great snipe defined in 1930 yeargreat snipe - Great Snipe;
great snipe - Crown black, divided lengthways by a yellowish white band; a streak of the same colour over the eye; upper parts mottled with black and chestnut-brown; greater wing-coverts tipped with white; under parts whitish, spotted and barred with black. Length, twelve inches.
The great, or solitary snipe, sometimes called the double snipe, resembles the common snipe in form and colouring, and in size is intermediate between that species and the woodcock. This species, described in the B.O.U. official list as a ' straggler,' hardly comes within the scope of the present work. But although a straggler, it comes regularly, appearing in the eastern and southern counties from the middle of August to the middle of October. These visitors are young birds, and few in number, and as they do not revisit us in spring, it may be assumed that they perish in their winter wanderings - the usual fate of stragglers from the migrating route of the species, or race. The fact that young birds in very many cases migrate in advance of the adults, that they keep to the same lines, and often journey vast distances, clearly shows that migration is performed instinctively. We may call the principle of action in this case crystallised experience, or inherited or historical knowledge, or lapsed intelligence, or by any other pretty name; but it is not ordinary intelligence - the guiding faculty that observes, considers, and profits by experience. And it is possible to believe that the young of the great snipe, when visiting Great Britain in the autumn, are going back to an ancient route abandoned by the species, perhaps thousands of years ago, on account of physical changes in the earth's surface, or of a change in the system of the bird itself.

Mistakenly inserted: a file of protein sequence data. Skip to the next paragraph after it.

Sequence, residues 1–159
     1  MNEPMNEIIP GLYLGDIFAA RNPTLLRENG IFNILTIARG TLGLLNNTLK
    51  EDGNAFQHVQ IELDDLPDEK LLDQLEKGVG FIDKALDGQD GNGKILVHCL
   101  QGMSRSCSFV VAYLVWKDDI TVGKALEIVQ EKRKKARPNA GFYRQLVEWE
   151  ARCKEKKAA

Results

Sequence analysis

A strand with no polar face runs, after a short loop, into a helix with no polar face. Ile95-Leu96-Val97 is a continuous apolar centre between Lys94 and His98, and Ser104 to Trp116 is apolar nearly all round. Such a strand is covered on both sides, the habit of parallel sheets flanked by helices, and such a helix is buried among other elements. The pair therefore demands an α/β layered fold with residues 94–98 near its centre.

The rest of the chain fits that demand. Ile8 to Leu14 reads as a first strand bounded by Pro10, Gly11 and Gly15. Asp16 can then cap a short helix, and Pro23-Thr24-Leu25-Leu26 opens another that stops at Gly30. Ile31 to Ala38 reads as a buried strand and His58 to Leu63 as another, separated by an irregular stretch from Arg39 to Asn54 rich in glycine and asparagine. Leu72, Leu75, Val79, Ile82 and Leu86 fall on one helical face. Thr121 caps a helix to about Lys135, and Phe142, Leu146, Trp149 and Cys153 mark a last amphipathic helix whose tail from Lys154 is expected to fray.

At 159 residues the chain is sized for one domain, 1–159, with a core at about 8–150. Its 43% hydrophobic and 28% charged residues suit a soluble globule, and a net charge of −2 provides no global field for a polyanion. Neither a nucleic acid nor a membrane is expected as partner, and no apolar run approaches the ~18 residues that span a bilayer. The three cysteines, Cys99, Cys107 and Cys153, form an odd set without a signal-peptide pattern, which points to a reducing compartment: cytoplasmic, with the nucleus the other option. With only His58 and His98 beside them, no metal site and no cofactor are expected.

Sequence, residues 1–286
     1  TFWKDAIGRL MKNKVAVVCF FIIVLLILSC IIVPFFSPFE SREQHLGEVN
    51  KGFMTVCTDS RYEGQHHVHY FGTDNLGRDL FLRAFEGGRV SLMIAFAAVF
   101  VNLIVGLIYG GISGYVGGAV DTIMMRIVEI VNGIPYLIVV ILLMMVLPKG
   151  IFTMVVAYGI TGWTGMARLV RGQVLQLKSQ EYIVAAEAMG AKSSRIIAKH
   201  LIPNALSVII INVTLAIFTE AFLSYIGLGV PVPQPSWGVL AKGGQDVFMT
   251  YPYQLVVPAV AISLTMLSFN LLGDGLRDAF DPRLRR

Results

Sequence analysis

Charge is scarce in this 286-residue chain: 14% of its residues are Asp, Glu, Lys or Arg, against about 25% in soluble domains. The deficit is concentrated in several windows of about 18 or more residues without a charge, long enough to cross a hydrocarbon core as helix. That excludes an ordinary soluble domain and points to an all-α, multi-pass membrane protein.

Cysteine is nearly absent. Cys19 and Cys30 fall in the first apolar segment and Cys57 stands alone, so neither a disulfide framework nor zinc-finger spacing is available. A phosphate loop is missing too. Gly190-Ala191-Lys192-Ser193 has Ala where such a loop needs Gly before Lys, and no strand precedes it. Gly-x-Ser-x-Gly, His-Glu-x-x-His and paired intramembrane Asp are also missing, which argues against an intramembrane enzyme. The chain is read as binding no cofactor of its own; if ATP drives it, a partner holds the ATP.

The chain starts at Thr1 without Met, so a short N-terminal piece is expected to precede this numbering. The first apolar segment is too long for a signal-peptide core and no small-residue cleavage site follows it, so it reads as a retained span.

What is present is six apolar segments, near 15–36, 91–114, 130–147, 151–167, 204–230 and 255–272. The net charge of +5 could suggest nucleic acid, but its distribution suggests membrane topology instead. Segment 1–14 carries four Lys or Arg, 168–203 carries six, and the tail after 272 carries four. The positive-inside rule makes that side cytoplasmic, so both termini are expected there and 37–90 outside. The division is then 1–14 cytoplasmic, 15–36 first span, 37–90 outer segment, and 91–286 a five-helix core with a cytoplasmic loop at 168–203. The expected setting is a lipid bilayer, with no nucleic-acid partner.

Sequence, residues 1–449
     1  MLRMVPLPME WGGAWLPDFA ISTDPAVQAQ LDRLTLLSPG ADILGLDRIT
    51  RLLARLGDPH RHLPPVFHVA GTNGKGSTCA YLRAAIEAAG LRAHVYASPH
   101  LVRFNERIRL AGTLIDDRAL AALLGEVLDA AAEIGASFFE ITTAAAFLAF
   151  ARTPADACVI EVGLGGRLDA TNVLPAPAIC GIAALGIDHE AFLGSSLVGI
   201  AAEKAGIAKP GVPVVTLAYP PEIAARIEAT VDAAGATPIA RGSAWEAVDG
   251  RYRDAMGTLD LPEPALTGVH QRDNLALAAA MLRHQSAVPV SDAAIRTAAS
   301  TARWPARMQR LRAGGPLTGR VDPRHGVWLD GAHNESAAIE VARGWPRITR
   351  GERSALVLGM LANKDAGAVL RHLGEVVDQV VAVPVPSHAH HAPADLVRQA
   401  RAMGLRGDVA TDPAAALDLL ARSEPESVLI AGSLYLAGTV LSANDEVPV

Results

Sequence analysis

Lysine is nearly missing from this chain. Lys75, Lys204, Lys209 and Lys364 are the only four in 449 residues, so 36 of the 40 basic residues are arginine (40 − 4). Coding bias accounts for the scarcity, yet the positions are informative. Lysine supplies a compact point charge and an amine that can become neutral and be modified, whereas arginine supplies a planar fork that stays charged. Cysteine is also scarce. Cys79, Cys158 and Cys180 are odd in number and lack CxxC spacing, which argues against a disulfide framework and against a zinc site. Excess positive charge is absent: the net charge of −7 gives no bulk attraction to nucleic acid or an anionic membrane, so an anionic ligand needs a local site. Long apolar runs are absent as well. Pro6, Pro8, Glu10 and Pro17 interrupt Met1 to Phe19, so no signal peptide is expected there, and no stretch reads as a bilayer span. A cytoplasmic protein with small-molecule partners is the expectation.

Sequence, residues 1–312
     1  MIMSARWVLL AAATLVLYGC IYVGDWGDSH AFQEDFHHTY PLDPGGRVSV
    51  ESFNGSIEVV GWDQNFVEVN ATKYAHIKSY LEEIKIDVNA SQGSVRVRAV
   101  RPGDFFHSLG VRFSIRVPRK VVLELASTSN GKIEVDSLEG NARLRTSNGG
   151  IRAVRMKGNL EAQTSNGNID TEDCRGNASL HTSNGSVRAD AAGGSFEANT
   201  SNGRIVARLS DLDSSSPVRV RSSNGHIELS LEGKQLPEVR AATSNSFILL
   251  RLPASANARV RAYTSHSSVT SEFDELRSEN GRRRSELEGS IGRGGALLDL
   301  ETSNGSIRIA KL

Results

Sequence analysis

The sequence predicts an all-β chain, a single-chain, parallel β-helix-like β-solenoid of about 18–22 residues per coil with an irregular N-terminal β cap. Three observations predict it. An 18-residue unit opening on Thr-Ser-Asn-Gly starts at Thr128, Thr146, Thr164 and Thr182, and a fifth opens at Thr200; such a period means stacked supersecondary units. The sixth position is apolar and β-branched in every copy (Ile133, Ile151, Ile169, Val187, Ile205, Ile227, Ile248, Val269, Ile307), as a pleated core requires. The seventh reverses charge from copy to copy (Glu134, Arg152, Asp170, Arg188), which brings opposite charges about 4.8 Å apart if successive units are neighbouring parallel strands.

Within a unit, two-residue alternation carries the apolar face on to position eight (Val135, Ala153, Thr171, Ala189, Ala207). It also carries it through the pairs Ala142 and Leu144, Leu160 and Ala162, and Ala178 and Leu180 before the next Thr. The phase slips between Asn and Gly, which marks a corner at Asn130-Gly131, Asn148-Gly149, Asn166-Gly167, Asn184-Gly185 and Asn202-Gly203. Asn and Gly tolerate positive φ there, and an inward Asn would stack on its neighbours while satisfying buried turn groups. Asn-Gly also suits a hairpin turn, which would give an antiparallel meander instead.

near great snipe in Knolik
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